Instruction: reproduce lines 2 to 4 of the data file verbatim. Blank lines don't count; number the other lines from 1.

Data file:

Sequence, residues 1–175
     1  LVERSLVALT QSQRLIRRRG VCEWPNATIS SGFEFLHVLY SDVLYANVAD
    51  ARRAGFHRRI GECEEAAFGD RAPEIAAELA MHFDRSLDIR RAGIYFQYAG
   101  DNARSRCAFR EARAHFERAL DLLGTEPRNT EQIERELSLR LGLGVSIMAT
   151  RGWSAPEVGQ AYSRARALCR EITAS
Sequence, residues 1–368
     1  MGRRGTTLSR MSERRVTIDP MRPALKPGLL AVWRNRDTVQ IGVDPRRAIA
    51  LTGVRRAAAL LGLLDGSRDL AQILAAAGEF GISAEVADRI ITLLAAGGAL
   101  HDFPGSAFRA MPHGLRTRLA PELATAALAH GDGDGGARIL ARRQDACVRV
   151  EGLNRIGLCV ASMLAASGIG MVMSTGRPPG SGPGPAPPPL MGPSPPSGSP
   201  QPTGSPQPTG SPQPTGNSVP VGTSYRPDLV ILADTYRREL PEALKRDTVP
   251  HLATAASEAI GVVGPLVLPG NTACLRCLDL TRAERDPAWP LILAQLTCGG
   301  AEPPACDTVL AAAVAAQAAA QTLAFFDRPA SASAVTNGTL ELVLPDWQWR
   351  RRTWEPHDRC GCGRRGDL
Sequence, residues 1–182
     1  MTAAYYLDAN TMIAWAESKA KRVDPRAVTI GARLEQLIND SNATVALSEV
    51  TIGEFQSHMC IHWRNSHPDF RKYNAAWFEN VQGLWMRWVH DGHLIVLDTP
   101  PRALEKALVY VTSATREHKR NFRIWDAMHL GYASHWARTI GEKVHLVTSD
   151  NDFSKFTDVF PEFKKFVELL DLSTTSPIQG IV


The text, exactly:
     1  LVERSLVALT QSQRLIRRRG VCEWPNATIS SGFEFLHVLY SDVLYANVAD
    51  ARRAGFHRRI GECEEAAFGD RAPEIAAELA MHFDRSLDIR RAGIYFQYAG
   101  DNARSRCAFR EARAHFERAL DLLGTEPRNT EQIERELSLR LGLGVSIMAT